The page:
- The Mosquito Fire, has burned more than 70 square miles since Tuesday and was just 10% contained.
- Fire officials warned that vegetation in the area –from fine grass to big trees – was extremely dry and burning readily.
- Helicopters flew water-dropping missions, providing assistance to firefighters on the ground.
a massive Northern California Wildfire was threatening thousands of mountain homes Monday as the state and much of the West continued to grapple with the effects of historic drought.
In Northern California, the Mosquito Fire has burned more than 70 square miles since Tuesday and was just 10% contained. The steep, rugged terrain makes it difficult for ground crews to access the fire. The area was cooling off after record-breaking heat last week, but fire officials warned that vegetation in the area – from fine grass to big trees – was extremely dry and burning readily.
“This is not a weather show, it is a fuels show,” the California Department of Forestry and Fire Protection (Cal Fire) said in a fire status update.
5,800 buildings at risk; 11,000 residents told to evacuate
Helicopters flew water-dropping missions, providing assistance to firefighters on the ground. Cal Fire incident Commander Rick Young took a reconnaissance flight over the fire and said diminished wind was helping slow the fire’s growth.
“The fire wasn’t going anywhere fast, but where it was burning, it was really burning,” Young said.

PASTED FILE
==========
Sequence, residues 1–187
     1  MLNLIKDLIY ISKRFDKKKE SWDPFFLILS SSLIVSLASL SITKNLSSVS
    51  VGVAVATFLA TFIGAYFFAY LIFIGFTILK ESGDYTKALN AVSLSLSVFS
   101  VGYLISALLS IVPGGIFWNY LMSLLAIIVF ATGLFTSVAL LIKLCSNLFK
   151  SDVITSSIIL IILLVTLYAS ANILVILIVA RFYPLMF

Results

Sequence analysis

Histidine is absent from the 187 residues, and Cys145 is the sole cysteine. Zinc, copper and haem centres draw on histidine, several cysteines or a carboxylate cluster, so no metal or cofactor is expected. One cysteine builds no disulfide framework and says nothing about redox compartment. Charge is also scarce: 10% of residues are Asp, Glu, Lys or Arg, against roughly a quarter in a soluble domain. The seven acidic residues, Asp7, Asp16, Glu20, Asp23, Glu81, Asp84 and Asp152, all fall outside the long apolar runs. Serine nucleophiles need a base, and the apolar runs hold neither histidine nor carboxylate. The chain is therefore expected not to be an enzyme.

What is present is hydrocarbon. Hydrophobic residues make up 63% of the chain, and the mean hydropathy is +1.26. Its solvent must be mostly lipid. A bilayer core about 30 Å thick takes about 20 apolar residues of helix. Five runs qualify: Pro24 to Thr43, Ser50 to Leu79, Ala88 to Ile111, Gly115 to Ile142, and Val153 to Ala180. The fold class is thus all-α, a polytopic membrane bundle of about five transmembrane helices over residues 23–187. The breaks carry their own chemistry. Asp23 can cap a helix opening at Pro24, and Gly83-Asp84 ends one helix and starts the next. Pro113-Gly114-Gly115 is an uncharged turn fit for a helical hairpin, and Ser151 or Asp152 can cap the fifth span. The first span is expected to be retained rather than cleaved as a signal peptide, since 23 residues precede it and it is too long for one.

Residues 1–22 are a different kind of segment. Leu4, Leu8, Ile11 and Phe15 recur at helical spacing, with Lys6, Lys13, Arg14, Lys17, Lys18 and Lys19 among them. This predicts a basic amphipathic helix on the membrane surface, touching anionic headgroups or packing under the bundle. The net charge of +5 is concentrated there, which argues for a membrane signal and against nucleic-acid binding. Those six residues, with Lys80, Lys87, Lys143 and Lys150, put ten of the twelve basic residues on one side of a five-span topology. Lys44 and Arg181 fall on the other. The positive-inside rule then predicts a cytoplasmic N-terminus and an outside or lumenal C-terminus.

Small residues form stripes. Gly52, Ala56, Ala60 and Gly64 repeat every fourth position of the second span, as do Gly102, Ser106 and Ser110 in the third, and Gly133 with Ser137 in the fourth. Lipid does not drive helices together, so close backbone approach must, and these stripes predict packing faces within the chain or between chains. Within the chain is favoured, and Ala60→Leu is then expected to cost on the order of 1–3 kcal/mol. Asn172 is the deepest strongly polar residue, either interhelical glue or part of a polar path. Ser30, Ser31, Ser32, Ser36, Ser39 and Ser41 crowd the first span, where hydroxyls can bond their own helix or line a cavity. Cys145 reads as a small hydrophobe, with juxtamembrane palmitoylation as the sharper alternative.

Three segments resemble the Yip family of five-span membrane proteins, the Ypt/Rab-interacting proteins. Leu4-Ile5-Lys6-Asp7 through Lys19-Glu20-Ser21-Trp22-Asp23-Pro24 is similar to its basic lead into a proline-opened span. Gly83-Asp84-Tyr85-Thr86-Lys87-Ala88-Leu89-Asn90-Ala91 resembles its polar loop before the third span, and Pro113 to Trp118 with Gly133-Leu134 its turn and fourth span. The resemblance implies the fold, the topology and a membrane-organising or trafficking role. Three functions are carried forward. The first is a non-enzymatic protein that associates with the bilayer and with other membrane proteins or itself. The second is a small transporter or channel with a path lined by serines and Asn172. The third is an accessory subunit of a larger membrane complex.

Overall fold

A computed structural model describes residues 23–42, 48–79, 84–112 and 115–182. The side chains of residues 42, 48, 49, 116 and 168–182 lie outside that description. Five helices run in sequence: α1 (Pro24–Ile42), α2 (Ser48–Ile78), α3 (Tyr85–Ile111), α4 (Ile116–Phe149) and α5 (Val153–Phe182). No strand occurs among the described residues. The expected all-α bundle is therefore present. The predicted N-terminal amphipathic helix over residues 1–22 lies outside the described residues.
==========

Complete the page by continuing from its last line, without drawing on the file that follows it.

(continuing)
More than 5,800 buildings in Placer and El Dorado counties were threatened, and 11,000 residents were under evacuation orders. The fire also covered a swath of the Northern Sierra region with smoke. California health officials urged people in affected areas to stay indoors where possible.
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Organizers of the Tour de Tahoe canceled the annual 72-mile bicycle ride around Lake Tahoe because of the smoke from the blaze more than 50 miles away. Last year’s ride was also canceled because of smoke from a fire south of Tahoe.
Southwest winds could push the fire to the northeast later Monday, Cal Fire said.
“With clearer air in the afternoon, fire activity is predicted to increase as it has in the past several days,” the update warned. Cal Fire hopes to fully contain the fire by Oct. 15.
Heavy rains from Kay swamp parts of Southern California
In Southern California, drenching weekend rains from Tropical Storm Kay created another problem: Los Angeles County firefighters, in some cases aided by helicopters, rescued about 50 people who became stranded Sunday in two dozen vehicles in a mudslide near Lake Hughes.
“Firehawk helicopters used night vision technology to rescue 8 adults and 6 children from five different sites spread across several miles of the flooded Pine Canyon Road in Lake Hughes following a slow moving thunderstorm,” the county Fire Department Air Operations Section tweeted.
Contributing: The Associated Press
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